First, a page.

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Issues Of The Environment: Possible Changes in State Law Threaten Solar Efforts In Ypsilanti

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Proposals in Lansing would alter existing net-metering laws. Envireonmentalists and proponents of expanded use of renewable energies believe if the measures become law, it will set back gains being made in solar energy growth. In this week's "Issues of the Environment," David Fair talks with Solar Ypsi founder Dave Strenski about the local implications. 

Currently, under net metering, those who have invested in renewable energy (solar, wind, etc..) and produce more power than they use receive the full retail value for the excess energy, but Senate Bills 437 and 438 propose to change this arrangement, reducing the payments for excess power to the “wholesale” price.
Utilities like DTE argue that net metering is bad for business because those who produce excess power and sell it back to the company are using their infrastructure free of charge. Why should they pay a premium for energy produced in small installations? They feel they should pay the same rate for all power that feeds into the grid, regardless of the source.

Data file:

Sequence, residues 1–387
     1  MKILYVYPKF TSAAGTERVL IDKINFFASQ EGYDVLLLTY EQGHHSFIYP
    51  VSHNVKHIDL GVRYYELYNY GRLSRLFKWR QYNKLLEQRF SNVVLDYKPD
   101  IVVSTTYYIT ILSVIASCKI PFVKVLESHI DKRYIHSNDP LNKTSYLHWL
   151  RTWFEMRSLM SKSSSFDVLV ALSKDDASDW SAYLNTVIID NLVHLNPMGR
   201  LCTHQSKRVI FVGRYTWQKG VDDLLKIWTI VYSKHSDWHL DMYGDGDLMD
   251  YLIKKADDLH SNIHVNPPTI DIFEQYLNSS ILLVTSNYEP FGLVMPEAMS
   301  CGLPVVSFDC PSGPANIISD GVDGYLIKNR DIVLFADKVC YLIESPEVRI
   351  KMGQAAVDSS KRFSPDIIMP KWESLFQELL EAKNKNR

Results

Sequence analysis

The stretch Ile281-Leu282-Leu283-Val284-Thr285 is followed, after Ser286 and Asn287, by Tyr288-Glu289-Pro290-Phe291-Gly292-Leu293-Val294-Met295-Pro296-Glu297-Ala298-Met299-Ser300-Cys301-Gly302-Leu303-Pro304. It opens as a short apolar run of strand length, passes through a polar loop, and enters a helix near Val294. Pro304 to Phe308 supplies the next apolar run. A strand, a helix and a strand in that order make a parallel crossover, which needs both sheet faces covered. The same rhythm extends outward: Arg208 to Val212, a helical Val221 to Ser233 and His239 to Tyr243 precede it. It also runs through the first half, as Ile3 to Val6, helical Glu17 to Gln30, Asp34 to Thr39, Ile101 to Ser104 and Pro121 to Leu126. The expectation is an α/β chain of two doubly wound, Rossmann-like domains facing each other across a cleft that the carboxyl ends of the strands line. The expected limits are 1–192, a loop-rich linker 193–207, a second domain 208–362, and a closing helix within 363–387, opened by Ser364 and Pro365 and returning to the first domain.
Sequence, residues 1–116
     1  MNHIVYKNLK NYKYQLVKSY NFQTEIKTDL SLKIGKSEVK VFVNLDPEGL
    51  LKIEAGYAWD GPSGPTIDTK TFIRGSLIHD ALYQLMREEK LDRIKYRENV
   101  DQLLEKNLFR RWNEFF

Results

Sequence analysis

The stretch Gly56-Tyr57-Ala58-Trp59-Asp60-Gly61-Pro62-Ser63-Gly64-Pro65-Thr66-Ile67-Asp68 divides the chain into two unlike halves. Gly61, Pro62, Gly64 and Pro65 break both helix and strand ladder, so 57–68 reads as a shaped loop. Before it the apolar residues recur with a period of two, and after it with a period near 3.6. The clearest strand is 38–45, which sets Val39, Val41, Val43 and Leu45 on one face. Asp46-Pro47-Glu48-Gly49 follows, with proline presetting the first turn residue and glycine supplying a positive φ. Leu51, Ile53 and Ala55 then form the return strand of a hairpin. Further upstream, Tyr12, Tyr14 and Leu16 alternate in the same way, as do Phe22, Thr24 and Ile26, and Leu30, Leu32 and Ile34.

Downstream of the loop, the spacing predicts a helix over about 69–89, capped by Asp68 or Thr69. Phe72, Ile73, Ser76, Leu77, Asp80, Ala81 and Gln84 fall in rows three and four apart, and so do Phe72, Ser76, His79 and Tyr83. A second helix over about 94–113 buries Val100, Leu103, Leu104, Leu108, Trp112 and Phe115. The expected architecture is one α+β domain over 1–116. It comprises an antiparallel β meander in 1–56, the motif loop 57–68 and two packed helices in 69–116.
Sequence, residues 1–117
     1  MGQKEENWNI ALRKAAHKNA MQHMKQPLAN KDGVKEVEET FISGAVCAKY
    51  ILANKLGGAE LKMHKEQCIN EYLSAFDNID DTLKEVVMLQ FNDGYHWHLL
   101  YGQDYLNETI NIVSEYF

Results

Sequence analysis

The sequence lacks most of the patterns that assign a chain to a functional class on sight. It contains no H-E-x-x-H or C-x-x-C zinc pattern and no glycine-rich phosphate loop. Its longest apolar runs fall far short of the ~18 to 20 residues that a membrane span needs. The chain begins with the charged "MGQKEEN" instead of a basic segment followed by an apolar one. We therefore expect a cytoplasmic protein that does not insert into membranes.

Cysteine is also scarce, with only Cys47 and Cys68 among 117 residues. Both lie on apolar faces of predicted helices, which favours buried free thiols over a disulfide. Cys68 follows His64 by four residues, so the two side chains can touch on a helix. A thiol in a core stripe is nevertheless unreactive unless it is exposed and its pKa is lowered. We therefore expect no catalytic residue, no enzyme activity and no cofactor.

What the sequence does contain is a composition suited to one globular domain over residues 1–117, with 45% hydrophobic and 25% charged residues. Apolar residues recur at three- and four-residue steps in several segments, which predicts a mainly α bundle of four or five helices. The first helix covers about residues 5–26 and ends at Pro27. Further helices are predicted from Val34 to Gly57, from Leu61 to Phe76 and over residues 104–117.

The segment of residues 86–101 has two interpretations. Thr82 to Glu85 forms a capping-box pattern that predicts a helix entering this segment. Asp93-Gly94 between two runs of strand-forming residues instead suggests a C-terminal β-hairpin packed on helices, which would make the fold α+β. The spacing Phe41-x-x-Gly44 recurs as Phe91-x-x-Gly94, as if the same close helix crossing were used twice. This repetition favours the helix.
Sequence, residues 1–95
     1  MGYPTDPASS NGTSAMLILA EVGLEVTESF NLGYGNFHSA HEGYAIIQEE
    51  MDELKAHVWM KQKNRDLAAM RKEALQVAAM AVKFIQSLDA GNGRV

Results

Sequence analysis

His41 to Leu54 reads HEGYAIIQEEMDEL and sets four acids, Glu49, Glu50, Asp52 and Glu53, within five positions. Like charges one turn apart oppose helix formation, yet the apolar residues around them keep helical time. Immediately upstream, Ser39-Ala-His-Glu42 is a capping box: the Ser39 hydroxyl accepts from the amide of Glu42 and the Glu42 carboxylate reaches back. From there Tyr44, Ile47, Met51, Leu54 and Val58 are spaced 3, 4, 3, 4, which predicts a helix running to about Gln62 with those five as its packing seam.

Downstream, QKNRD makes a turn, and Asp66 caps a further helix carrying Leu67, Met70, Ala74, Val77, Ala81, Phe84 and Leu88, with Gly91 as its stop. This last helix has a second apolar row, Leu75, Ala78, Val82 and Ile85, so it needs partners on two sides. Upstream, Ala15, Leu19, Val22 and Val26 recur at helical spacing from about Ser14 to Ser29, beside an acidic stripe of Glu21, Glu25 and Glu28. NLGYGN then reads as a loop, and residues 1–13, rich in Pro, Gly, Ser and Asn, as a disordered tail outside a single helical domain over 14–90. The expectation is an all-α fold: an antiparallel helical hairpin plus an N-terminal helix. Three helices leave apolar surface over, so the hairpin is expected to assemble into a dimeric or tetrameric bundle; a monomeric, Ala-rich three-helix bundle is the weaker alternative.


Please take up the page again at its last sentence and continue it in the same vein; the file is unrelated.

Net metering obviously benefits the budding solar power industry and other renewables, and those in favor of keeping net metering make several arguments against the changes proposed:

  •  that the excess power does not traverse the grid (and does not cheat the utility out of infrastructure costs), but rather the extra power goes to the nearest geographic need.
  • that lower compensation for excess power will significantly increase the time it takes for costly, small-scale renewable energy systems to become profitable, potentially jeopardizing the renewable energy industry just as it gets off the ground.
  • that privately owned solar panels are actually doing a service to the grid; they might even be able to eliminate brownouts and blackouts since they are most effective on bright, sunny days--days when peak load is highest. The power they harness offsets the need to build extra capacity into the grid to handle days with an excessive peak load due to air conditioning.
  • Assuming the same amount of energy is not purchased from the utility, why should homeowners and businesses who invest in energy efficiency (for example, saving utility costs by using LEDs) benefit differently than those who invest in renewable energy?
Contact David: dfair@emich.edu
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